Which means for our asset as example:- Compared with the benchmark SPY (9.57 ) in the period of the last 5 years, the Ulcer Ratio of 21 of iShares 20+ Year Treasury Bond ETF is greater, thus worse.
- Compared with SPY (10 ) in the period of the last 3 years, the Ulcer Ratio of 24 is higher, thus worse.

'Maximum drawdown is defined as the peak-to-trough decline of an investment during a specific period. It is usually quoted as a percentage of the peak value. The maximum drawdown can be calculated based on absolute returns, in order to identify strategies that suffer less during market downturns, such as low-volatility strategies. However, the maximum drawdown can also be calculated based on returns relative to a benchmark index, for identifying strategies that show steady outperformance over time.'

Which means for our asset as example:- Compared with the benchmark SPY (-33.7 days) in the period of the last 5 years, the maximum reduction from previous high of -46.9 days of iShares 20+ Year Treasury Bond ETF is smaller, thus worse.
- Compared with SPY (-24.5 days) in the period of the last 3 years, the maximum DrawDown of -44.2 days is lower, thus worse.

'The Drawdown Duration is the length of any peak to peak period, or the time between new equity highs. The Max Drawdown Duration is the worst (the maximum/longest) amount of time an investment has seen between peaks (equity highs) in days.'

Which means for our asset as example:- Compared with the benchmark SPY (439 days) in the period of the last 5 years, the maximum days under water of 796 days of iShares 20+ Year Treasury Bond ETF is greater, thus worse.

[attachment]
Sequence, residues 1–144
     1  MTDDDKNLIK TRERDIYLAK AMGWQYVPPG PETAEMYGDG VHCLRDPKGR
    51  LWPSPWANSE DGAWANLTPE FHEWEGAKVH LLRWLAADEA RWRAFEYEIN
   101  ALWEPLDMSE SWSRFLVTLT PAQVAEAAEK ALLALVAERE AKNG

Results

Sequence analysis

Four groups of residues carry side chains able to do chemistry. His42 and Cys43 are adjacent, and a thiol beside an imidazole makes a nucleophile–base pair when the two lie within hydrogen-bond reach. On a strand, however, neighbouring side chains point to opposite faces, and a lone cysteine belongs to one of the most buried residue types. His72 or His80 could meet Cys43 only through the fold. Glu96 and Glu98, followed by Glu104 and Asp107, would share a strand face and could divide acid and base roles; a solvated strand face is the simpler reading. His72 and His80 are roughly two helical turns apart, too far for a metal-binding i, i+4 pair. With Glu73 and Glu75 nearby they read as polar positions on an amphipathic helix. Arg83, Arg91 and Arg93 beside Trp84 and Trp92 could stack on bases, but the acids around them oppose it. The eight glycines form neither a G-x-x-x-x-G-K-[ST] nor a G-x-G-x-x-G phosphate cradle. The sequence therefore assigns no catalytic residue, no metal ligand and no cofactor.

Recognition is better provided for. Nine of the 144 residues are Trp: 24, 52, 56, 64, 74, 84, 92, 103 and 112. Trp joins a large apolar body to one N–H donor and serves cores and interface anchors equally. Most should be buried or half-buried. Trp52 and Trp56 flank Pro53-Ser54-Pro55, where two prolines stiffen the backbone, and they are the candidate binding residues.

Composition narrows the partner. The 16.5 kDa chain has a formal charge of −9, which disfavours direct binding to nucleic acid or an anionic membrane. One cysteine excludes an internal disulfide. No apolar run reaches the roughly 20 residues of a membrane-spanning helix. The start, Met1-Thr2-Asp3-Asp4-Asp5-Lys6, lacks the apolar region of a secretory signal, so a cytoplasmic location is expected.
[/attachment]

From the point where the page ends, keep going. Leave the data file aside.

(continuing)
- During the last 3 years, the maximum time in days below previous high water mark is 754 days, which is higher, thus worse than the value of 439 days from the benchmark.

'The Drawdown Duration is the length of any peak to peak period, or the time between new equity highs. The Avg Drawdown Duration is the average amount of time an investment has seen between peaks (equity highs), or in other terms the average of time under water of all drawdowns. So in contrast to the Maximum duration it does not measure only one drawdown event but calculates the average of all.'

Using this definition on our asset we see for example:- Looking at the average days under water of 275 days in the last 5 years of iShares 20+ Year Treasury Bond ETF, we see it is relatively larger, thus worse in comparison to the benchmark SPY (106 days)
- Compared with SPY (149 days) in the period of the last 3 years, the average days below previous high of 378 days is larger, thus worse.

Historical returns have been extended using synthetic data.
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- Note that yearly returns do not equal the sum of monthly returns due to compounding.
- Performance results of iShares 20+ Year Treasury Bond ETF are hypothetical, do not account for slippage, fees or taxes, and are based on backtesting, which has many inherent limitations, some of which are described in our Terms of Use.